A personal tip that I want to give to everyone searching to improve their financial responsibility is to keep a budgeting journal. Having a ledger isn’t only good for families or businesses – I use a personal ledger every day to help me keep track of all the money coming into and going out of my bank account. I have a budget I follow that charts all my necessary spending – sectioned into bills, transportation, food, and fun – and then I use the ledger to keep track of each payment for each section.
While it may seem like a child doesn’t need to keep a budget journal of their own, you might be surprised at how helpful it can be for teaching them about money and finances. A budget journal or ledger can help them keep track of all the money they earn throughout the week, and then they can make notes about each time they spend that money (and what they spend it on). Not only will this help them better understand where their money is going, but it can also encourage them to recognize their financial priorities.
Then, as they get older, they can apply this knowledge on a wider basis to assist them in making sure they always have enough to cover their bills and their needs. Learning about money early is great for cementing positive financial habits.
Let Them Help You Shop
Not only is this a great way to set a good example for your children while teaching them financial responsibility, but it’s also a fun bonding activity! While you’re grocery shopping for the family, explain your grocery budget to your children and what kinds of necessities you need to buy during your errand. Make sure they understand that the budget has to cover everyone’s needs and wants for eating during the week.
When you’re looking at different items, let them help you choose the best options – whether that’s name-brand items or generic ones – and have them keep track of your purchases to make sure you’re staying within the budget. If there’s money left over after you’ve purchased all the necessary items, allow them to help you pick “extras” that can serve as fun snacks and additions for the family to enjoy during the week. Allowing them to help you grocery shop is a great teaching opportunity as well as a fun experience for you both!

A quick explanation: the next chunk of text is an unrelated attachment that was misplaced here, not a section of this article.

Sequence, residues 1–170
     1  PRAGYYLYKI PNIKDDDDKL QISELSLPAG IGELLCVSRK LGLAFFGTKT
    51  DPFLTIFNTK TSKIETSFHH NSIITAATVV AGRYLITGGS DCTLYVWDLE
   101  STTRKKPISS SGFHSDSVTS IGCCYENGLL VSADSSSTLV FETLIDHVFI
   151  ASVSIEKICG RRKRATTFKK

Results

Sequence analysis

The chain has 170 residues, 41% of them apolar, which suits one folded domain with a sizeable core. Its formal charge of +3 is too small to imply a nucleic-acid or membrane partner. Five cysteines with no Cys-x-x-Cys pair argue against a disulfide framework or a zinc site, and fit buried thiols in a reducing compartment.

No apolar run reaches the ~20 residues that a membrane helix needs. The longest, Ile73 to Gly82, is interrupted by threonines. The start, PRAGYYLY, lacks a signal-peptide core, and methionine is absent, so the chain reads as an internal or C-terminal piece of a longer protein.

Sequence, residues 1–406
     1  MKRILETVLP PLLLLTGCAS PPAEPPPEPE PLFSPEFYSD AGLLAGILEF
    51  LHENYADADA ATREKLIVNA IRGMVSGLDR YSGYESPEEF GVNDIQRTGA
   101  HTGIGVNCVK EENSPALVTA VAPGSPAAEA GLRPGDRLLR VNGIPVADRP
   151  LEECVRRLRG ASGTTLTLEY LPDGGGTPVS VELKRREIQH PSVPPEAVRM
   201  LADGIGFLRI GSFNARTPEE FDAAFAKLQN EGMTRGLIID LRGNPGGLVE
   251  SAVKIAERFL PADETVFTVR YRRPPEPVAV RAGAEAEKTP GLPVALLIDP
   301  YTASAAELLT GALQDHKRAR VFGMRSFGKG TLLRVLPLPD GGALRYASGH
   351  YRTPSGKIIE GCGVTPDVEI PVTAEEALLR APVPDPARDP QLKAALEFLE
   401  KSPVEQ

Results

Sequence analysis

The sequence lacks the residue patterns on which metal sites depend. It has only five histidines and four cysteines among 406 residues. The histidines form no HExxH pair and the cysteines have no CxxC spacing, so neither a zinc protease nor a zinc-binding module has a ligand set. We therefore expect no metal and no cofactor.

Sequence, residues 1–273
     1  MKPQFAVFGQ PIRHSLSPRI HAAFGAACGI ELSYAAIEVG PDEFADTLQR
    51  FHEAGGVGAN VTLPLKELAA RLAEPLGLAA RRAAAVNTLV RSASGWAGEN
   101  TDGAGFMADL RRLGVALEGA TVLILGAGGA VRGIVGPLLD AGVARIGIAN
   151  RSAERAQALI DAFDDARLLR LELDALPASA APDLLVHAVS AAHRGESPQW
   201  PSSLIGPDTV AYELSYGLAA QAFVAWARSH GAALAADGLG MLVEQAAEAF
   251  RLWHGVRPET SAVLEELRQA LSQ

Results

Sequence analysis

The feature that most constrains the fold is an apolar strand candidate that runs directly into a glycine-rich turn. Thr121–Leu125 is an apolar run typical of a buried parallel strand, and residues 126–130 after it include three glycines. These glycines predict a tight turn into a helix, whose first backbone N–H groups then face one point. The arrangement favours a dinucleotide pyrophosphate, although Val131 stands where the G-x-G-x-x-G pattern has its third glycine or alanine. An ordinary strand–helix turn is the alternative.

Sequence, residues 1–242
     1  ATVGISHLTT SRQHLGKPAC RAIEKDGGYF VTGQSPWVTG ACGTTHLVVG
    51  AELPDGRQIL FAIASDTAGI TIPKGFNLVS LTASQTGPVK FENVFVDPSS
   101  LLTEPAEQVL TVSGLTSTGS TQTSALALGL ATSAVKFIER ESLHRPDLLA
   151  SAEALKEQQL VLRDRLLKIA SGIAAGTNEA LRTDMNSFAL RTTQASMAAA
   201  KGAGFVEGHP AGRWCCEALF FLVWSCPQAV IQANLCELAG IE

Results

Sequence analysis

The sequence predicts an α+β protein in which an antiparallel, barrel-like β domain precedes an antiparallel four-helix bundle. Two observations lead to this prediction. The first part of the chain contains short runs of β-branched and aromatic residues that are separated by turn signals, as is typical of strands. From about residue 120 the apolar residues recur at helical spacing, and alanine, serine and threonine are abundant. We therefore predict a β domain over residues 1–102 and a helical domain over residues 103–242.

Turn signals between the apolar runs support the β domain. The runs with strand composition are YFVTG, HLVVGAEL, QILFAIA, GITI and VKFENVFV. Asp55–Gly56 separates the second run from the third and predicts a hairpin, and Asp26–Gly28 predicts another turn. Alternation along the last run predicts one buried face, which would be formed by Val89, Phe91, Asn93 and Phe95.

Establish Clear Earning Rules and Follow Them
A difficult lesson your little ones will have to learn when trying to understand financial responsibility is that while money can be fun to have, it won’t stick around forever. As we all know, it seems like sometimes as soon as we make money it disappears under heaps of payments, bills, and personal needs. One way to help your children learn about money is to establish clear earning and spending rules and make sure they follow them.
By this, I don’t mean telling them how they can or can’t spend their money. Rather, if you create an earning system with chores of varying payments, make sure to stick by those and don’t simply raise and lower them randomly. Then, if they spend all their money, they will have to earn more in order to buy more things they want. This helps them to understand the real-world system in a more relaxed setting so they’re prepared when they begin working at their first jobs!
Do you have more tips and tricks for teaching little ones about financial responsibility? Tell us in the comments!
About Draven Jackson
Draven is an avid writer and reader who enjoys sharing her opinions on movies, books, and music with the rest of the world. She will soon be working as a teacher in Japan and hopes to use her experience to connect with other teachers and students around the globe. Draven spends most of her time at home with her family, her dogs, and her ferret.
To see more, view all posts by Draven Jackson here.